After last week’s post on infrared saunas, people asked some good questions. For today’s edition of Dear Mark, I’m answering a few of them. First up, can infrared saunas harm male fertility? After all, they do penetrate the skin and raise body temperature, which is a no-no for sperm. Next, infrared saunas induce lots of sweating, and sweat contains bioaccumulated toxins like BPA and heavy metals. Can infrared saunas help us shed these toxins? Finally, are infrared-emitting blankets and other “topical” infrared products effective alternatives to infrared saunas?
RESEARCH OF THE WEEK
Stress alters gut bacteria (in mice). Altering it back improves stress resilience.
How space affects the brain.
Alcohol may not actually help fight heart disease.
Probiotics increase polyphenol absorption.
Rituals improve kids’ executive functioning.
Today’s guest post is offered up by Dana Monsees, founder of Real Food with Dana. Thanks to Dana for sharing this incredible recipe.
There are a ton of burgers out there in the paleo/gluten-free world. They’ve become a staple order at restaurants, where even if there aren’t many other options, you can always get a burger, no bun, on a salad. Or lettuce-wrapped, if you’re lucky.
This one is different. Prepare to have your tastebuds BLOWN (that’s a good thing) by this recipe—they won’t even know what to expect with the insane combination of your old favorites: a BLT, a burger, and sweet potato fries with ranch dressing, all made Primal-style, come together.
It’s Friday, everyone! And that means another Primal Blueprint Real Life Story from a Mark’s Daily Apple reader. If you have your own success story and would like to share it with me and the Mark’s Daily Apple community please contact me here. In fact, I have a contest going right now. So if you have a story to share, no matter how big or how small, you’ll be in the running to win a big prize. Read more here.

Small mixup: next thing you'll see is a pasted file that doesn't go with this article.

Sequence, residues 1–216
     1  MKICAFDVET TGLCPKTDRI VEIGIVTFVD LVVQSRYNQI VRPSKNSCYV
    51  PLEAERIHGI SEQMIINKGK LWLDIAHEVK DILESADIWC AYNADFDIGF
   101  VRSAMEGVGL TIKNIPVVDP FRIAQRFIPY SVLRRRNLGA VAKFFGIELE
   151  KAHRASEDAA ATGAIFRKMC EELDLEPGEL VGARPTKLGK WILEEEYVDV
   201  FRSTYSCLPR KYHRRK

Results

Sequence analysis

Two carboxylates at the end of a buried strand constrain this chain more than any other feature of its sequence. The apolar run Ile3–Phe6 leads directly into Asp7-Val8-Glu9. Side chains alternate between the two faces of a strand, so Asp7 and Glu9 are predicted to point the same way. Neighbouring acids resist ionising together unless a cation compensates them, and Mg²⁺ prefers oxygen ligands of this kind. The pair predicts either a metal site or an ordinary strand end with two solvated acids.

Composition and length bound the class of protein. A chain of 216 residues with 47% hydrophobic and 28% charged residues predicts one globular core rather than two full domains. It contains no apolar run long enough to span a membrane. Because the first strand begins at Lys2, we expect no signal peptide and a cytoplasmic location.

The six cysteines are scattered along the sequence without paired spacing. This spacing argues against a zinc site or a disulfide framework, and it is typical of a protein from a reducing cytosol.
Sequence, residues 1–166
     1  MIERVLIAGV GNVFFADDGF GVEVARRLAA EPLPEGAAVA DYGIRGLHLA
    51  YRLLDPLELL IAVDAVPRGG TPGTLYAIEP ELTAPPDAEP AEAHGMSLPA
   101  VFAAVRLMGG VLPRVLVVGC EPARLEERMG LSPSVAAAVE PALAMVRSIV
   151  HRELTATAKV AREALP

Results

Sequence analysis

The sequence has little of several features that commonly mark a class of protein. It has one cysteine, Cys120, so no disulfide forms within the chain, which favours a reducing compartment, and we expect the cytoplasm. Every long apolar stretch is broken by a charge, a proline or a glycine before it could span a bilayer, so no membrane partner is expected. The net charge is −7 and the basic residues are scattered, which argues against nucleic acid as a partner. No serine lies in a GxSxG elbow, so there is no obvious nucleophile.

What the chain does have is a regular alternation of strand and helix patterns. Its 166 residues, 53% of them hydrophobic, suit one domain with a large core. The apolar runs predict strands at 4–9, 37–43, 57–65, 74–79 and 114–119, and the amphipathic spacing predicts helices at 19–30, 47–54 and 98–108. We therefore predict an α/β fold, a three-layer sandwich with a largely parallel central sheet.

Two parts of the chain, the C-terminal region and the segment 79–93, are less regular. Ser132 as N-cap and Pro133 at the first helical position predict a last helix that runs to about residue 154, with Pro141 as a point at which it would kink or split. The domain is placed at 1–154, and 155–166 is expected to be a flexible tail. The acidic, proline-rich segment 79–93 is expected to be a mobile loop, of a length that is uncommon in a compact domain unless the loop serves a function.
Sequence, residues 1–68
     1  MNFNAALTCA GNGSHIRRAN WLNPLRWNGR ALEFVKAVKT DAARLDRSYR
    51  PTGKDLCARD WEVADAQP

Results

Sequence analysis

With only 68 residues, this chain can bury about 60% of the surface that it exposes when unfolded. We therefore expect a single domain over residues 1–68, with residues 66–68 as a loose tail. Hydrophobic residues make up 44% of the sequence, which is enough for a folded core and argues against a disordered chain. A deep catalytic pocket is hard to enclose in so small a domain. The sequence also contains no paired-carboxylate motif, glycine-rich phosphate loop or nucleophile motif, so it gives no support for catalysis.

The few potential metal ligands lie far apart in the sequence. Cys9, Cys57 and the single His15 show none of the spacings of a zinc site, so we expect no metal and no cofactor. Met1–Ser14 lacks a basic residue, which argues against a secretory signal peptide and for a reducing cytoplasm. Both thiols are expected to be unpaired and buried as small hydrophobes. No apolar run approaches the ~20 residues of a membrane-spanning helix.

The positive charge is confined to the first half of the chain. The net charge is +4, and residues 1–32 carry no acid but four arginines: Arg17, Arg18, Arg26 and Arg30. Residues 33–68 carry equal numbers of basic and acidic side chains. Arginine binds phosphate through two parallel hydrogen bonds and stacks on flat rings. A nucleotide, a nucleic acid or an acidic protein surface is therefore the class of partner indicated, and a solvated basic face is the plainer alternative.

Downsized at 50 from my job as a government social worker! My body and mind were a mess….from too much stress, too much sugar (the office culture was big on sweet treats in the coffee room!), too much sitting in front of a computer!
Migraine headaches, back and hip problems (often the only thing keeping me going were my monthly massages and physical therapy sessions), menopausal issues, my weight creeping up in spite of my exercise regime…weekly aerobics classes, swimming laps, cycling.
Now was the perfect time to take control of my health! I signed up for a course to become a fitness instructor….and discovered I was performing some exercises incorrectly! Disappointed in the ‘Nutrition’ information module…not enough and very sketchy, but enough to get me started on my new passion…research into alternative healthy nutrition and active lifestyles.
As a Primal lifer, I recognize that purity has a certain allure, just as I know it has its decided limitations. I frequently find myself wondering, “Would my paleolithic forebears have done/said/eaten that?” and choosing my course of action based on this line of educated assumption. It’s the WWGD lens on modern living. In a Primal-perfect world, that would be sufficient to ensure continued health and happiness. But things don’t always work out as planned…
Let’s say you hurt your back in an unfortunate turn of events. Primal dictates can certainly help with healing you over the long term, but if you want to get out of bed in the morning you’re likely stuck with the doc’s prescriptions. Similar situation if you’ve suffered physical damage to your eyesight, hearing, brain, or any number of your less robust anatomical sectors. Sometimes to get life done, you’ve just got to suck it up and take your meds.
It’s possible, however, that this may soon change. In my recent post on the vagus nerve, I touched upon an emerging curiosity in the medical world: electroceuticals. While still in comparative infancy, electroceuticals may end up revolutionizing a health care model currently dominated by the drug industry.
In 2002, Gary Taubes penned a New York Times piece that questioned the legitimacy of the presiding low-fat dogma. His article made a persuasive case for the safety—and metabolic urgency—of eating more animal fat and fewer carbs. It shifted the national conversation on healthy eating and paved the way for the rise of the ancestral health community. If the experts were that wrong about a healthy diet, what else were they getting wrong?